I would add that the results of the recent election modestly increase the chances that the plaintiffs will win. Federal courts are unlikely to strike down a major federal policy initiative that has strong presidential, congressional, and popular support. But last week’s elections brought to power a House majority that […]

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The Florida District Court Decision Rejecting the Federal Government’s Motion to Dismiss the Case Against the Individual Mandate

There are several interesting aspects of today’s Florida federal district court ruling rejecting the government’s motion to dismiss a challenge to the Obama health care plan’s individual mandate brought by 20 states and the National Federation of Independent Business. First, as Randy Barnett emphasizes, this ruling, like the similar Virginia decision before it, further undercuts claims that the lawsuits against the mandate are either frivolous or clearly precluded by existing precedent. Even the recent Michigan district court ruling upholding the mandate conceded that it was a case of “first impression” (although the judge also tried to argue that the mandate ultimately does fit under current doctrine).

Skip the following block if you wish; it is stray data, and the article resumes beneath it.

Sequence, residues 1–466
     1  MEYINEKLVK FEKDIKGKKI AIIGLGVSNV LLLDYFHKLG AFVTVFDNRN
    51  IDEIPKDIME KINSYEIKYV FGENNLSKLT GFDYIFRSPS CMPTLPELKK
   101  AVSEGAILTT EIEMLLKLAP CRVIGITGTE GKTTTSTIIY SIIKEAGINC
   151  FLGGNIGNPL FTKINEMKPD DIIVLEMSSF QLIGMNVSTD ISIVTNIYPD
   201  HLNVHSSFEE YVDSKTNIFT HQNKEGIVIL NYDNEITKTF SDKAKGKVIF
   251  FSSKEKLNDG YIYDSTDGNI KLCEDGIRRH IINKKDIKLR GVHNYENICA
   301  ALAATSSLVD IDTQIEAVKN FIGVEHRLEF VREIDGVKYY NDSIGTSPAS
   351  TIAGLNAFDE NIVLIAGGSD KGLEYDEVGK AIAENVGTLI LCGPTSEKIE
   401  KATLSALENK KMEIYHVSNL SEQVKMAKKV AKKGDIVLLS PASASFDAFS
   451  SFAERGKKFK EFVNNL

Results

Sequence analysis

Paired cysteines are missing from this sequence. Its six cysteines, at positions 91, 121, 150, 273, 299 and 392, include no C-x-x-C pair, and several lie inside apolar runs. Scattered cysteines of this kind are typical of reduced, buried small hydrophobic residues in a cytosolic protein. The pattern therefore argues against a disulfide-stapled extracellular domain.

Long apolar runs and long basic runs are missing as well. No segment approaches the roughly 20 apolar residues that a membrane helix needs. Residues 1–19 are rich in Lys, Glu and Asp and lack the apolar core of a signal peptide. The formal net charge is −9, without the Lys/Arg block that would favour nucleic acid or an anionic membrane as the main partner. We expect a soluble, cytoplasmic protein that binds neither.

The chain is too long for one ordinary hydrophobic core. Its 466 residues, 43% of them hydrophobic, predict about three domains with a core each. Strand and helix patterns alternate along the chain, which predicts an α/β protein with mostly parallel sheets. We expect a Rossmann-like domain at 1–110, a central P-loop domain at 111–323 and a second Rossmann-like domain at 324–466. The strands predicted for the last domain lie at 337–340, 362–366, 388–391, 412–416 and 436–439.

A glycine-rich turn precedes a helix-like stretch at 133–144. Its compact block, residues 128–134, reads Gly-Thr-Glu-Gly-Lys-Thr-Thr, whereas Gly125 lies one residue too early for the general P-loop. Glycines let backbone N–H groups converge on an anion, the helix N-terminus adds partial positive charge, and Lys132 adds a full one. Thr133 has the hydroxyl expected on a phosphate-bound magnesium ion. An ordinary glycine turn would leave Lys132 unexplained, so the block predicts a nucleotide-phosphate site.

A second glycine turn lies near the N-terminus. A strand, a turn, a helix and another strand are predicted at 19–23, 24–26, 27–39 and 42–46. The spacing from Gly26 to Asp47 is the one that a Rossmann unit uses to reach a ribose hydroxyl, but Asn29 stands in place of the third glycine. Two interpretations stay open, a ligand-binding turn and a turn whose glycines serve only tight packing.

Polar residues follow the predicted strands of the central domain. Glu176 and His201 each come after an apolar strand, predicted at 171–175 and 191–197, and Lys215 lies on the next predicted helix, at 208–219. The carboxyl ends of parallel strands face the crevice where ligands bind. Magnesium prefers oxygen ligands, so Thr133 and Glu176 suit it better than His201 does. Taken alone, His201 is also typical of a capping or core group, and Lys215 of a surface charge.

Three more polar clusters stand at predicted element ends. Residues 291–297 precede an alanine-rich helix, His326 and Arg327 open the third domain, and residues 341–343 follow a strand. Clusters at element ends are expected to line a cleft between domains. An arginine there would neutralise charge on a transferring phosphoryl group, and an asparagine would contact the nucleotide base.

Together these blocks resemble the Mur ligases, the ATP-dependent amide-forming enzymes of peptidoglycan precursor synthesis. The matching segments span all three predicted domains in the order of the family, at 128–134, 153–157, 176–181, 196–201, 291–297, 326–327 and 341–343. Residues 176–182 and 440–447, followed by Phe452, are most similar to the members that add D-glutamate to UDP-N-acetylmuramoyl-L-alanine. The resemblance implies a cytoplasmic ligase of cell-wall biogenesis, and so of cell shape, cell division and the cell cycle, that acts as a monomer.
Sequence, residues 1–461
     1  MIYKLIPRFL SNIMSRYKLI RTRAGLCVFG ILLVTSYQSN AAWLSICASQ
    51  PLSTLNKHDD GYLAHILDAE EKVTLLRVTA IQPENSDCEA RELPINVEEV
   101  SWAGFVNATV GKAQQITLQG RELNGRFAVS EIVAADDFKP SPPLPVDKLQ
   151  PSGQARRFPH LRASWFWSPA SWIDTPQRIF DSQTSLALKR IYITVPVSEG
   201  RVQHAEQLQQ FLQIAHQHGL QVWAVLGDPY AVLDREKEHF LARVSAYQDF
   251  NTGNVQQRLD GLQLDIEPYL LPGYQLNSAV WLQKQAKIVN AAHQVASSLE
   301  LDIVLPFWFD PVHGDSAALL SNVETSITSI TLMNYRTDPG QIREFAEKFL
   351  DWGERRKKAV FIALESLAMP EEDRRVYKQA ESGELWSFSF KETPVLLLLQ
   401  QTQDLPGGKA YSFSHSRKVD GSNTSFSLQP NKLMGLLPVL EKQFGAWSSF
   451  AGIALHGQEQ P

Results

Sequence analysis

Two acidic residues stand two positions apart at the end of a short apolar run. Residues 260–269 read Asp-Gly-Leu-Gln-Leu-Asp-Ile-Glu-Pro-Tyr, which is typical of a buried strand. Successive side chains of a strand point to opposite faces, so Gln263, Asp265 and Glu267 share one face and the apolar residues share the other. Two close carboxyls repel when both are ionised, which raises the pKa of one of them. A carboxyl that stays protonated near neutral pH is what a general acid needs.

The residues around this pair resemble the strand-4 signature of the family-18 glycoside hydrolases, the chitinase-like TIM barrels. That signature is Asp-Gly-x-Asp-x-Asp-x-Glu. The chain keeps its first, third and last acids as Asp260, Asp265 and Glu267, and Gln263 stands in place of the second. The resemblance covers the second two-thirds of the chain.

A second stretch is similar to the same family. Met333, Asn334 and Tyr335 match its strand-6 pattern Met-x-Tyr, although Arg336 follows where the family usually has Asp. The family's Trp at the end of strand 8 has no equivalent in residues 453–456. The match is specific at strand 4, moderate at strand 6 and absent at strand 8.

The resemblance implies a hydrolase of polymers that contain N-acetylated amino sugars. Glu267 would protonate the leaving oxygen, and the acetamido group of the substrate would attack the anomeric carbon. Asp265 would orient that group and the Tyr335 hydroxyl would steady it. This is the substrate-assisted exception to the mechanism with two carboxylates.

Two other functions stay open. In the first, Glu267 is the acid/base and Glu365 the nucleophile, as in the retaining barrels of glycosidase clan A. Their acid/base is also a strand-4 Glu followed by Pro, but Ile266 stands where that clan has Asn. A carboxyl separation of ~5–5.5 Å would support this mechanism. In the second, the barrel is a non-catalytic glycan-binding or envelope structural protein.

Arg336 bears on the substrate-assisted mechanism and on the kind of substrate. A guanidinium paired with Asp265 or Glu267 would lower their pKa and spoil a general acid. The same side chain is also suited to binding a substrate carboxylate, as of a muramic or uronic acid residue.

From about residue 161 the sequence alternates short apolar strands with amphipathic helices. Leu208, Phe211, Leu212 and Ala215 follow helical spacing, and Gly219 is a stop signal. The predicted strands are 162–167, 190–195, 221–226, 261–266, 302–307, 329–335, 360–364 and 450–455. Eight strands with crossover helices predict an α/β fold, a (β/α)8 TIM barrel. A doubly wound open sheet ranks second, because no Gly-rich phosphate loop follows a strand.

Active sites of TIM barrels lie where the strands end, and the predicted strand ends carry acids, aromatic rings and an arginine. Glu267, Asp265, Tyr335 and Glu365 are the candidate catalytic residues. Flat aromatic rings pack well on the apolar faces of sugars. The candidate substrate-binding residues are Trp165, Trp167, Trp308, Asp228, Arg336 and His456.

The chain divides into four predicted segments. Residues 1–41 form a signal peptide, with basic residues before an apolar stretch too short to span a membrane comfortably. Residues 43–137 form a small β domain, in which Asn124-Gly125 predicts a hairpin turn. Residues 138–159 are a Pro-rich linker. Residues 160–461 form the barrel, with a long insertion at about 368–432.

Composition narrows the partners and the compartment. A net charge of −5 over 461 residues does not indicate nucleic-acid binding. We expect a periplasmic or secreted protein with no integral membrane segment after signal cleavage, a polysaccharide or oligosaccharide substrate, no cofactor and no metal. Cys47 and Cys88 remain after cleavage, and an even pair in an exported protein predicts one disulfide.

I. Judge Vinson Rules that the Mandate is Not a Tax.

Second, Judge Roger Vinson rejected outright the federal government’s claim that the mandate is a “tax” that is authorized by Congress’ authority under the Tax Clause. Instead, he concludes that it is a regulatory penalty, a point that I emphasized in my amicus brief in the Virginia case on behalf of the Washington Legal Foundation and a group of constitutional law professors: